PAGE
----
Suppose someone decided that in English there was a supernatural being called a spritegoblin. Is it enough for them to prove that the words sprite and goblin both exist in English? Wouldn’t you expect them to find specific references to the compound word spritegoblin?

Unfortunately, Cassidy’s book is haunted by hundreds of spritegoblins, made-up phrases which don’t exist outside of Cassidyworld.  Cassidy, on his own admission, spoke no Irish at all. He claimed that he ‘checked’ his words with a native speaker of Irish. Exactly how he did this is unclear. I have visions of him walking into an Irish bar, asking if anyone was an Irish speaker, showing the putative native speaker his list of words and asking them if they were OK, and then when they nodded sagely and said ‘Oh yes!’ he would buy them a pint as a reward. Maybe this is a bit cynical on my part, but  I can’t imagine that he did the thing that anyone would do if they seriously wanted to prove their case. I’m sure he never gave a list of words and phrases like uath dubh and sách úr to native speakers in a blind test to see whether they really are recognisable as what Cassidy thought they meant. Cassidy obviously preferred to include all kinds of rubbish and not check his facts at all because with even a slight scrutiny of his materials he would have ended up with a pamphlet rather than a book.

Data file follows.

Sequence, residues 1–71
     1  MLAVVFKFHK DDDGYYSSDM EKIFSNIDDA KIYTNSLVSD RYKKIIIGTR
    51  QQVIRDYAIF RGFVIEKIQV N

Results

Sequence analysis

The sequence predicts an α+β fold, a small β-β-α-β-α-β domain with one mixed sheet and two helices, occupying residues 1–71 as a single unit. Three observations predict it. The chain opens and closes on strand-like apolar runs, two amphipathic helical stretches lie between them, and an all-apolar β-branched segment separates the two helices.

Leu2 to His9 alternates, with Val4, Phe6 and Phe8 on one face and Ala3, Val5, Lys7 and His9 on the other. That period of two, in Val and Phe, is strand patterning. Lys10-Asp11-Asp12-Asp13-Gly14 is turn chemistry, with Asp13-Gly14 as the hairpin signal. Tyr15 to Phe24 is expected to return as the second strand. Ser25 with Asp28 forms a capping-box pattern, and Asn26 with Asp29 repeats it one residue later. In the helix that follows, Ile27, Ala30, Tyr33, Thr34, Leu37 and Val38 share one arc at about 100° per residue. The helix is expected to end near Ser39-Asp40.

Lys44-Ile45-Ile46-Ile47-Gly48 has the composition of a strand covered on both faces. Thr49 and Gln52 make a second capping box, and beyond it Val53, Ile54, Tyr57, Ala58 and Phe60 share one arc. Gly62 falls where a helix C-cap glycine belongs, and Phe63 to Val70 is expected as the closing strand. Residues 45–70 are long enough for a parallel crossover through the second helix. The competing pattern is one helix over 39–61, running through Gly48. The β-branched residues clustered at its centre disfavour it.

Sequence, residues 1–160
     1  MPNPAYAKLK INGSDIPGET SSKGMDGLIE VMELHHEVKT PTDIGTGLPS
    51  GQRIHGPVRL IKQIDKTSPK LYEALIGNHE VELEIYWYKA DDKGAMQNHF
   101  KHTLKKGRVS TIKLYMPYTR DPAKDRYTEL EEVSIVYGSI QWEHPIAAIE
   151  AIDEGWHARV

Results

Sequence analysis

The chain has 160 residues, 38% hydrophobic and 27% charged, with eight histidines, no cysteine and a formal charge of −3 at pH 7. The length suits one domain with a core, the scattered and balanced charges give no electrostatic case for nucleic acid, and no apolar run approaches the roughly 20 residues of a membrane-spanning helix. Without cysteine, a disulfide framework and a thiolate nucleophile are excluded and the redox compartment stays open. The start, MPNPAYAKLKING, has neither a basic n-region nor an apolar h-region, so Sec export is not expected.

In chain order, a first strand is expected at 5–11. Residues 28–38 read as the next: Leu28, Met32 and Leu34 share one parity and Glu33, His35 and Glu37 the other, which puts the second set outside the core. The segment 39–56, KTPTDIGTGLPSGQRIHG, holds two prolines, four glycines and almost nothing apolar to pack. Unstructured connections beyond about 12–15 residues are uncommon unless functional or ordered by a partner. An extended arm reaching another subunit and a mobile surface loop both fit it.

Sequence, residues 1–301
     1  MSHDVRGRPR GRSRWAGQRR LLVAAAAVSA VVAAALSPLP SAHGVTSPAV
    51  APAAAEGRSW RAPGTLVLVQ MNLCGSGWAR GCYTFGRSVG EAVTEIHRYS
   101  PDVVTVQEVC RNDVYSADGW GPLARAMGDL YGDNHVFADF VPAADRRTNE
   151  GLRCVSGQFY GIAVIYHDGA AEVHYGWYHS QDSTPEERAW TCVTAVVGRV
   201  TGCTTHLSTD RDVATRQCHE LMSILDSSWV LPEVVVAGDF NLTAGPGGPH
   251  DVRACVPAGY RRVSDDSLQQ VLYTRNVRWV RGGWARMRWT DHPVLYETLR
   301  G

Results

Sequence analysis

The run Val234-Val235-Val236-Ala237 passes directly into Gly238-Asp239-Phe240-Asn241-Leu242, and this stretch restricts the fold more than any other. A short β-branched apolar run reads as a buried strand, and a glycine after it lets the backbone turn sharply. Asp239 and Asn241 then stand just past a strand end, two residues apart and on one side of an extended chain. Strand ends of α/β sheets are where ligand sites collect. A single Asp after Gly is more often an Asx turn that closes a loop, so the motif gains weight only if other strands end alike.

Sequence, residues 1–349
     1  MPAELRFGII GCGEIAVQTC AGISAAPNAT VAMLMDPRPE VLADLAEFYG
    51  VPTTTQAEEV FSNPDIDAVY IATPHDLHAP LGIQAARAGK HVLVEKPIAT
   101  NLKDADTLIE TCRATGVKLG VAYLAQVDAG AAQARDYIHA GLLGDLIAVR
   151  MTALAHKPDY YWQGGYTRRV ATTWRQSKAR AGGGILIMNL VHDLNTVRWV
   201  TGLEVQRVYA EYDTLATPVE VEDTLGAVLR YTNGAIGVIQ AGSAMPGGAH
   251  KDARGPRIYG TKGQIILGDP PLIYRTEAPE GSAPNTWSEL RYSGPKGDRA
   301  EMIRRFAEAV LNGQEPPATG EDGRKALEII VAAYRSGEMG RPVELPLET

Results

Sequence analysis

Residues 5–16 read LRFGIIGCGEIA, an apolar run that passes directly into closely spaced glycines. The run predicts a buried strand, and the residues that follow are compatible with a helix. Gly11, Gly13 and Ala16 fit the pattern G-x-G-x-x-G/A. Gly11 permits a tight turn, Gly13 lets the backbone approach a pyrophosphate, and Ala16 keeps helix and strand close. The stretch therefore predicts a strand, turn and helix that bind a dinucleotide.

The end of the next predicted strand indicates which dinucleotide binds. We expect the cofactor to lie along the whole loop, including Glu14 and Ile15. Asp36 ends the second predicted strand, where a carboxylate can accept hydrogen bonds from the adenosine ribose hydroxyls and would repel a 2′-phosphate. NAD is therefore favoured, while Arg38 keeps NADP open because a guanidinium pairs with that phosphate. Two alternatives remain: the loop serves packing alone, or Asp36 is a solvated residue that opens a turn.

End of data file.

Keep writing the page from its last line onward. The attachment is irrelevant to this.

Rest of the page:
The origin of hoodoo is a mystery but there is absolutely no evidence linking it to the Irish language or to the island of Ireland. Unless Cassidy’s supporters can find even one reference to the uath dubh somewhere in the vast corpus of Irish literature, we can reasonably assume that it doesn’t exist and that it is yet another figment of Daniel Cassidy’s imagination.

Sneeze

I have noticed that many of the early posts on this blog get relatively little traffic, so I have decided to start republishing some of them.

 

Here’s another example of my issues with Cassidy’s theories. According to Cassidy, the English word sneeze derives from Irish:

Sní as (pron. snee’as, flowing, dripping, leaking, coursing out of) is not to be sneezed at. It is the Irish origin of the English sneeze.

There are several points to be noted here. First of all, the phrase sní as doesn’t exist in Irish as a way of referring to sneezing. Nor could it exist, as far as I can see. The word sní refers to slow movement of liquids, such as a running, a dripping or a flowing, or to the slow movement of snails or slugs. Here is the entry from Mícheál Ó Siochfhradha’s Irish-English, English-Irish Dictionary published in 1973 by the Talbot Press in Dublin: